“I think he’s entirely lost touch with the outside world, put it that way,” he says with no little contempt. “His feet are stuck in the mud. His principled stand on so many things, based on his background and his position in life, make me want to grab him and throw him around and say ‘Get real’. He’s a lousy character witness; he helped get his valet sent down. He’s a lousy financial adviser, putting his eggs all in one basket. And he made a fairly critical call on medical terms, which ended in the death of his daughter.”
And then, after that devastating character assassination: “But I can’t help liking him obviously.” He laughs uproariously. “I’m told he’s partly based on Julian Fellowes’ actual father, though he’s a brighter man than Grantham. He’s caught up in the mores of his time and at the hands of his mother – a very feisty creature – so he hasn’t had a lot of time to break free of his shackles.
“He wouldn’t know how to, bless him. You have to feel a bit sorry for him. He’s a dying breed and he’s just beginning to understand that. He’s been feeling rudderless. He had that tussle with the maid. People say he wouldn’t do that – well, certain leaders of certain countries have done worse. Human beings do. They’re contradictory.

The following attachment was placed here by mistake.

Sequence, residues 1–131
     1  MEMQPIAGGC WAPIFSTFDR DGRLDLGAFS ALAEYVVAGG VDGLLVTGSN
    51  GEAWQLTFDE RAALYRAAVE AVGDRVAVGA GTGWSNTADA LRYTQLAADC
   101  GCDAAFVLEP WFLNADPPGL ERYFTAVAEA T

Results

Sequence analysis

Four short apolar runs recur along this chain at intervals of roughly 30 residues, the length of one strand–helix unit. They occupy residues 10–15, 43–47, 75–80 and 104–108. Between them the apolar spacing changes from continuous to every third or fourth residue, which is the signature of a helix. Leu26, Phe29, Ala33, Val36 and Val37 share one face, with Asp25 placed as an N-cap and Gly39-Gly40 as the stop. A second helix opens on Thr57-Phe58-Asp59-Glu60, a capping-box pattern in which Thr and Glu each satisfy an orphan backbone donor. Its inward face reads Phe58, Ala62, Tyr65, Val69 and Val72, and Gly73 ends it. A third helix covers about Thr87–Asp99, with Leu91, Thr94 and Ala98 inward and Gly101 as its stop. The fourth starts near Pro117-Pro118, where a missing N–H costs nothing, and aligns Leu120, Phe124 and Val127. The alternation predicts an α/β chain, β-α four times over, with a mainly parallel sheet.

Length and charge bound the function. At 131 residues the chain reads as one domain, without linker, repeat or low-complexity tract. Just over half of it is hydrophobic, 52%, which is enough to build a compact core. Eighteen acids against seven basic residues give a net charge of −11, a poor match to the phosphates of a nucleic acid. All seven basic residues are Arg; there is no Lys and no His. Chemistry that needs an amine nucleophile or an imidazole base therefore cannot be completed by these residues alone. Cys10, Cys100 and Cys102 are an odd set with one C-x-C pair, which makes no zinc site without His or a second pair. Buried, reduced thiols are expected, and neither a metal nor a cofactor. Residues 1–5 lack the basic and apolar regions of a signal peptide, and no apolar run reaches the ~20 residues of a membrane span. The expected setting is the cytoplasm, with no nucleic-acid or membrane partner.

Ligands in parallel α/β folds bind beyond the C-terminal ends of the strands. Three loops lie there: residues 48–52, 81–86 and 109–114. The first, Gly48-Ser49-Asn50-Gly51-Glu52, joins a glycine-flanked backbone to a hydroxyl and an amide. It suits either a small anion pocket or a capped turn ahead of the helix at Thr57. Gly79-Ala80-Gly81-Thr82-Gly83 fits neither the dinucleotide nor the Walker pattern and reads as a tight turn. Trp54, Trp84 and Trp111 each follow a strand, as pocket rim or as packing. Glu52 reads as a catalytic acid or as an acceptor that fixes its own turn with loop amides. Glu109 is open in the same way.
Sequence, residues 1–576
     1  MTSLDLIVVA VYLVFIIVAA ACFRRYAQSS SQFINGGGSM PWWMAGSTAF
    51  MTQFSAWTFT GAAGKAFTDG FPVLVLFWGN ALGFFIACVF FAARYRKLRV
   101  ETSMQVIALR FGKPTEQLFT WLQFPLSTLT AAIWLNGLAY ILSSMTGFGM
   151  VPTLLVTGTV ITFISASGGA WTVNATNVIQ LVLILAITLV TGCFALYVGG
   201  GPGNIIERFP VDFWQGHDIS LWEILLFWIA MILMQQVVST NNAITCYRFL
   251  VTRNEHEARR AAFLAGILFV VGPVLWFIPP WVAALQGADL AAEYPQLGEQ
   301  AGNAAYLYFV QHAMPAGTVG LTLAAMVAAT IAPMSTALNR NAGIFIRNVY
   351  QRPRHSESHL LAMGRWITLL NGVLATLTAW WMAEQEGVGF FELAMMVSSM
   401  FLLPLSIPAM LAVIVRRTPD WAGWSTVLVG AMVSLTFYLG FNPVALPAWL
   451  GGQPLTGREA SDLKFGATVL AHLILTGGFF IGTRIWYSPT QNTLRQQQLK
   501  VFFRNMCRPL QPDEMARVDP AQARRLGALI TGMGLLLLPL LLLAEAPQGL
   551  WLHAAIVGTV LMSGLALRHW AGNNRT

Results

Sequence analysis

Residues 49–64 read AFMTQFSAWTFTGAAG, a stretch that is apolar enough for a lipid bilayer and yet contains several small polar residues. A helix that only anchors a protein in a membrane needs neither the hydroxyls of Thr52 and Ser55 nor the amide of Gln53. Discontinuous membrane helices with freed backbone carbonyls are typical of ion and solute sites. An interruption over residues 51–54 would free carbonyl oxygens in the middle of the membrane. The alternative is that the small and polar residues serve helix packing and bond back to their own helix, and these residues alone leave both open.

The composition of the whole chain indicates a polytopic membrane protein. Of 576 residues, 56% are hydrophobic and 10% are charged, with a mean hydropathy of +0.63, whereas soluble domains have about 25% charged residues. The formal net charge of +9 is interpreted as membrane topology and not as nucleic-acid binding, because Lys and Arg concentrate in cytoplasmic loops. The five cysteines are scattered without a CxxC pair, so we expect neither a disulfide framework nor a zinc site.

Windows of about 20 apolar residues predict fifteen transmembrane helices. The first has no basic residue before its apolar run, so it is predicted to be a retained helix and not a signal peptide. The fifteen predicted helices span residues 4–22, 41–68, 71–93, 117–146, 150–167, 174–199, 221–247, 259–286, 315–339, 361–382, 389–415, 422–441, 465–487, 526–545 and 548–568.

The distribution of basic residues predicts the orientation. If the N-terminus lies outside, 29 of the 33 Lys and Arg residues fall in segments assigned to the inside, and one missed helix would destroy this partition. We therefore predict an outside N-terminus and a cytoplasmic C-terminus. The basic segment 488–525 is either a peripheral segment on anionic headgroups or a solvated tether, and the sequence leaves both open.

“Julian loves those kinds of shifts, when good or bad characters take you unawares. All human nature is on display on the show and Julian has great fun teasing us about what’s going to happen next.”
‘What happens next’ is the dynamic which keeps the Downton chatter lively in those draughty months when it’s not on the telly. Fans clamour for a crumb of a hint, and even the cast speak of rushing through new scripts holding their breath. Gossip that Dan Stevens is off to LA and will be written out next year is rife, but the headline rumour the tabloids run every few months is that Maggie Smith, who plays the forbidding beady-eyed Dowager Countess, is leaving the show. For Bonneville particularly, this would be sad news. He loves talking about Downton but he positively gushes about Dame Maggie.
“Maggie Smith has been a feature on my dramatic horizon my entire life, truly,” he says. “So to be working alongside her so closely is remarkable.”